US Catholic Faith in Real Life

All in the family: the costs of raising children

By Kira Dault | Print this pagePrint | Email this pageShare

When I was newly pregnant with my first-born, my husband and I went out to dinner with some friends who had kids themselves. When we made the announcement that I was pregnant, the first reaction that we got was, "Congratulations! Kids are SO expensive."

At the time, I found that remark odd and ill-timed. After all, I knew that having children would undoubtedly add to our expenses, what with there being more mouths to feed and all. But I honestly did not quite understand the full extent of the cost associated with child-bearing and rearing.

Lately, in the news and blogosphere, there have been a lot of pieces floating around about the cost of having children. Last year, the New York Times, ran this piece that compares the projected costs of raising a child, and the author comes up with a grand total of close to $2 million. The USDA predicts that raising a child from birth to age 17 costs somewhere in the ballpark of $300,000, give or take $100,000 depending on location and income bracket. The Wall Street Journal offers a slightly more tongue-swallowing figure of $776,000 for what they call the "Silver total" and $1.6 million for what they call the "Platinum total." These totals, by the way, are per child.

These predicted costs, of course, assume the child is already born, and do not take into consideration the inflated cost of getting the baby from "in" to "out" in the United States. According to this piece in the New York Times, a vaginal birth in a hospital now costs about $30,000. A Caesarian birth? $50,000.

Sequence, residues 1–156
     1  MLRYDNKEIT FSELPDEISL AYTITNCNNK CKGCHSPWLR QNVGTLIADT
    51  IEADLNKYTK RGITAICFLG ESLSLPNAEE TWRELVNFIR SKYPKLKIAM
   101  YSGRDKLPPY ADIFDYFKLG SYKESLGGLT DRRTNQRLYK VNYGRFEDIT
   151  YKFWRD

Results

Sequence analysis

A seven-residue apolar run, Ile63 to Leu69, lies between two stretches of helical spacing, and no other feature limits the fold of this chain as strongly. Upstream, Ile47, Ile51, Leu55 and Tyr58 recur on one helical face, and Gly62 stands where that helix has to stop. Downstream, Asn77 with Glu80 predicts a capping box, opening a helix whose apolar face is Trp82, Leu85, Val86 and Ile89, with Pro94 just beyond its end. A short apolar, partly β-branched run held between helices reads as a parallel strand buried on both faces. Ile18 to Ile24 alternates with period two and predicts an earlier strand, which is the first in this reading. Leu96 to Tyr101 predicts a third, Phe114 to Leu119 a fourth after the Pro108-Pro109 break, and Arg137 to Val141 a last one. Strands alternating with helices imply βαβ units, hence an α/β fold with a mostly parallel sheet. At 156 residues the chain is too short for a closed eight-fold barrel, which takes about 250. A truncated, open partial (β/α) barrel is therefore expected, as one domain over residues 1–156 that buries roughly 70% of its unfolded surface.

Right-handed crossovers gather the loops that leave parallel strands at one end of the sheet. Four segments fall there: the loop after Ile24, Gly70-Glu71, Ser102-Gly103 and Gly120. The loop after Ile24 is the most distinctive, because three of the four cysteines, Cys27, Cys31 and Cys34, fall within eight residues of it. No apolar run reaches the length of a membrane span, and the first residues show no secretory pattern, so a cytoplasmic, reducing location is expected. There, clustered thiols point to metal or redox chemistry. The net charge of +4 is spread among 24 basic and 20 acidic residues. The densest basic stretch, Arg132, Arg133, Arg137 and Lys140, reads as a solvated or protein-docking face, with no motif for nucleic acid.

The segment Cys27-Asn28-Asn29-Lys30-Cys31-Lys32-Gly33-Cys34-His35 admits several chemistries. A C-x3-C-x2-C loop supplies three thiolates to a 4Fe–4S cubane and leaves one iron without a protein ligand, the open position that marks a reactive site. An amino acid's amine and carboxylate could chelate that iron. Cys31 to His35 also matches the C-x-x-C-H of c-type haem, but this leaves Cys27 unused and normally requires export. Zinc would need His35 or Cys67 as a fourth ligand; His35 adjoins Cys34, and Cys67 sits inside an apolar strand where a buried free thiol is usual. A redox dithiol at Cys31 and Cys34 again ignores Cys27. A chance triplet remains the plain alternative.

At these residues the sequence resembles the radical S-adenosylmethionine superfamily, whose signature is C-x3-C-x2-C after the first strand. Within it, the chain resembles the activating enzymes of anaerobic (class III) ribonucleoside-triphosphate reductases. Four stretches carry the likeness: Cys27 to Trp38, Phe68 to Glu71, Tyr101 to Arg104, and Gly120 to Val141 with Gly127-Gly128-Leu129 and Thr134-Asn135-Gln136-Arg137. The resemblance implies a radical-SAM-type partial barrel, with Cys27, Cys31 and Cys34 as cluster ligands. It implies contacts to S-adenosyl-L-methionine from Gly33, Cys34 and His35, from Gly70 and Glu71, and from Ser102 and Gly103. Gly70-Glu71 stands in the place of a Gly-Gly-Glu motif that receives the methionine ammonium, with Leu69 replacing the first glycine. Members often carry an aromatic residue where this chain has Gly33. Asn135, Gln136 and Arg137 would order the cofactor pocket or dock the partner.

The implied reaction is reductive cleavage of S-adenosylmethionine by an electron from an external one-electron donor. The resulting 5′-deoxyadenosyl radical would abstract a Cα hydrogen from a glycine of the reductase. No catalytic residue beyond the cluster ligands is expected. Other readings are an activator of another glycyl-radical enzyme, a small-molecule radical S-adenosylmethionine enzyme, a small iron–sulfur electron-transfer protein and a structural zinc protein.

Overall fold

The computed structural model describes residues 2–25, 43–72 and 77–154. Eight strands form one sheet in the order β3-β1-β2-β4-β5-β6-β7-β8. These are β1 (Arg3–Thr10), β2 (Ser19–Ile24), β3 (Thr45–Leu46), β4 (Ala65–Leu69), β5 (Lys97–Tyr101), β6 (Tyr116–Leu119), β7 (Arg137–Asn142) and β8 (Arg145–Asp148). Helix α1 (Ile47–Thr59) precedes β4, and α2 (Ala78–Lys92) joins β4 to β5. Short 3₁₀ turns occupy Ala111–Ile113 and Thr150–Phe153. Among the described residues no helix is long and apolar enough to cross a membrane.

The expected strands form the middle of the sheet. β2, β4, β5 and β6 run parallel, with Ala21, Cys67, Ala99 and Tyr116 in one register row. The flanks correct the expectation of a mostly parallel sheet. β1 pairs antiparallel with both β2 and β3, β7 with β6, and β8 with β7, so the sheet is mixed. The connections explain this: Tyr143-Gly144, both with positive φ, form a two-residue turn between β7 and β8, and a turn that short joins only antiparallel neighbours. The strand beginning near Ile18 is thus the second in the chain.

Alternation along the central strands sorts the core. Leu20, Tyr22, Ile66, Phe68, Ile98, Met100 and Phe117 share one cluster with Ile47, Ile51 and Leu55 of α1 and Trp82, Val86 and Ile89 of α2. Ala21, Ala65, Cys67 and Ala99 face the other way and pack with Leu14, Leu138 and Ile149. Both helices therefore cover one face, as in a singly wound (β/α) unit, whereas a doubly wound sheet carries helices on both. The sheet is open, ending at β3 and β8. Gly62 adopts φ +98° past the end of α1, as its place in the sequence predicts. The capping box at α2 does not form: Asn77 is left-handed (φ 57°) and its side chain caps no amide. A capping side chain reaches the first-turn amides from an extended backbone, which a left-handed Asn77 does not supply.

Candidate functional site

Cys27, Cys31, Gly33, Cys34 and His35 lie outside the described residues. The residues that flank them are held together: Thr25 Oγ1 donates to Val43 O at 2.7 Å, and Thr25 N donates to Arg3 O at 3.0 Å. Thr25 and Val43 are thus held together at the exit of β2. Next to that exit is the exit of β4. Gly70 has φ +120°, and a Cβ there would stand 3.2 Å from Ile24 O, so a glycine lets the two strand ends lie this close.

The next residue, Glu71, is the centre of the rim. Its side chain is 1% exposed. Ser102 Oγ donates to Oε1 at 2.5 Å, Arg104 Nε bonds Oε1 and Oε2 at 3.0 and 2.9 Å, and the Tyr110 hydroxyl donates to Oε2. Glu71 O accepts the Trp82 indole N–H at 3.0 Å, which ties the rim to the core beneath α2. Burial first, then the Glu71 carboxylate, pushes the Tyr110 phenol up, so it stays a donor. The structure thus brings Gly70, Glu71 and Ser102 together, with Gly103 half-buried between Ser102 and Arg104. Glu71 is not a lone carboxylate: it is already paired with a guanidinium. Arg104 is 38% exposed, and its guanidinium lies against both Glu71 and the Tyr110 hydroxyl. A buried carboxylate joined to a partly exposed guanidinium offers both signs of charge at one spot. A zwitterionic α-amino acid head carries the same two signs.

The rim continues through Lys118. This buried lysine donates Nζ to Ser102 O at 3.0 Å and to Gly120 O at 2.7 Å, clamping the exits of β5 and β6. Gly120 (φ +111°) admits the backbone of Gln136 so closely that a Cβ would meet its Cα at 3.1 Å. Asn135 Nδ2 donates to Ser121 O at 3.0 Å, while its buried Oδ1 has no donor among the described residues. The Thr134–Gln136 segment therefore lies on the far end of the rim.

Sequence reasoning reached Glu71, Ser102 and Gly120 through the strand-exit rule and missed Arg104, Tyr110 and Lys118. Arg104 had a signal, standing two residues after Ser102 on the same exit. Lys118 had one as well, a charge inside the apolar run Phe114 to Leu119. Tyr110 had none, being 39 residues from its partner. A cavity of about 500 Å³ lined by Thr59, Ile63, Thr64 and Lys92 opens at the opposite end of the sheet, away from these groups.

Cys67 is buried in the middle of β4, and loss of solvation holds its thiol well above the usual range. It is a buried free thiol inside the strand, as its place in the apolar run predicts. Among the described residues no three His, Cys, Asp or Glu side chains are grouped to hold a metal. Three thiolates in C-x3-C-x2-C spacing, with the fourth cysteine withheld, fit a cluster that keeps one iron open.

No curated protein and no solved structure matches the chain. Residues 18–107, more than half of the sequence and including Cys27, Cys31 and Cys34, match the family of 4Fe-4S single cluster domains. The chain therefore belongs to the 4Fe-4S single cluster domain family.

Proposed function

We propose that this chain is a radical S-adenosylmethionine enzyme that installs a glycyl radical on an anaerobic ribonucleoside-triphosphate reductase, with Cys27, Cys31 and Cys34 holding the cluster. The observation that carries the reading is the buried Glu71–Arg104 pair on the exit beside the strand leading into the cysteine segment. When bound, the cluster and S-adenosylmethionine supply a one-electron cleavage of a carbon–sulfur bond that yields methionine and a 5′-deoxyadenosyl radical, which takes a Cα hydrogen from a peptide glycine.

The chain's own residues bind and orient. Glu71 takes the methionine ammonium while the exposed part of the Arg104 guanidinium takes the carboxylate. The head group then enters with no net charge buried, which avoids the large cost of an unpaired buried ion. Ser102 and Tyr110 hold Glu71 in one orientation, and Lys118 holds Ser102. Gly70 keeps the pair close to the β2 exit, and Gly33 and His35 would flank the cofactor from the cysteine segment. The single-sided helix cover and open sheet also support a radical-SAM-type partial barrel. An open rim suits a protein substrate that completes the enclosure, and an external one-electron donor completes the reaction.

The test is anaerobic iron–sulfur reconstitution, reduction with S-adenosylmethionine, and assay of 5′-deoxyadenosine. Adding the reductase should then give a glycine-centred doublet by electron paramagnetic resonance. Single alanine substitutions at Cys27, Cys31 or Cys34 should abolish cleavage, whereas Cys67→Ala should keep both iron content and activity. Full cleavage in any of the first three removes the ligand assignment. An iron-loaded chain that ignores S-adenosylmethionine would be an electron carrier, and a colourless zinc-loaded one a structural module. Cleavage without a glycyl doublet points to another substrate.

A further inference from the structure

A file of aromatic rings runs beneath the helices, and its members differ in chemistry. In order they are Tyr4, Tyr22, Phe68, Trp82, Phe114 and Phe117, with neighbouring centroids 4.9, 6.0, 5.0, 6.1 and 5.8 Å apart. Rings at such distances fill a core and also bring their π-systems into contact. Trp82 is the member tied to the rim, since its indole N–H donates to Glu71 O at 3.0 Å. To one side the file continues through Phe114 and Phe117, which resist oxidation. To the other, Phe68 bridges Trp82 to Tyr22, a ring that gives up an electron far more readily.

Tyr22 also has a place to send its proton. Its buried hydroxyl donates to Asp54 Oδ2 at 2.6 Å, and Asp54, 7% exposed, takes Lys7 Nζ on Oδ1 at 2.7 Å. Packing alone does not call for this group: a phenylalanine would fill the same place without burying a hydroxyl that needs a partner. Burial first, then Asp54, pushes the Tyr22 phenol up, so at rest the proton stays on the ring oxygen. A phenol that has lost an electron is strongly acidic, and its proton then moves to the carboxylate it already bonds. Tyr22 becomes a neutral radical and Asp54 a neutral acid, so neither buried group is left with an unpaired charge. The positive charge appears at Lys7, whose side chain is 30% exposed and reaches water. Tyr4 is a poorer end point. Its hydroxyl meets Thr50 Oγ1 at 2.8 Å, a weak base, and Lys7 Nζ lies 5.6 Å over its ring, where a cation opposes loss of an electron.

Today, I have two children, and I have recently re-entered the workforce. My husband and I are now grappling with the costs of child care and family-unfriendly workplace polices, not to mention saving for college.  Hidden costs exist, too: I missed out on half a decade of potential savings toward retirement while I was at home with my kids. (The fact that our family had the option of one parent staying at home with the kids while the other worked is a luxury that I am well aware of. Many families have only one parent to begin with, or cannot afford to do without two incomes, even when one of the incomes will be consumed almost entirely with child care costs.)

Now I don't mean for this to turn into a lamentation of just how much it costs to have children (A LOT!) I love my kids, and am thankful beyond measure that they are in my life.

But I am keenly aware that my husband and I are both salaried employees of generous employers. We do not have to work shift work or worry about not getting enough hours to put food on the table. We have a dual-income household, and we can still both get home in time to have dinner as a family. We are privileged, and with income inequality on the rise, we are likely members of the privileged increasingly few.

The costs of raising a child are, in many ways, ignored in our public discourse. The recent McDonald's budget that raised some temporary controversy not only included a laughably low cost for health insurance: It included no space whatsoever for child care. The brass-tacks of child rearing are not particularly exciting, and it is expected that parents will simply make due.

In our June issue of the magazine, Ruth Graham discussed the difficulties of workplace policies in the United States. But it is not enough to count on individual workplaces to create family-friendly policies. If we want people to be able to start and support families, we need to work toward better policies on family leave, child care, health care, and education.

In a speech at Knox College yesterday, President Obama alluded to the fact that preschool for every 4-year-old in America would help out the working parents of young children. But it is not enough to make rhetorical gestures toward a group of people who are bringing the next generation into the world. We need to get more family friendly in this country, or we risk making child bearing and child rearing into another privilege of the wealthy few.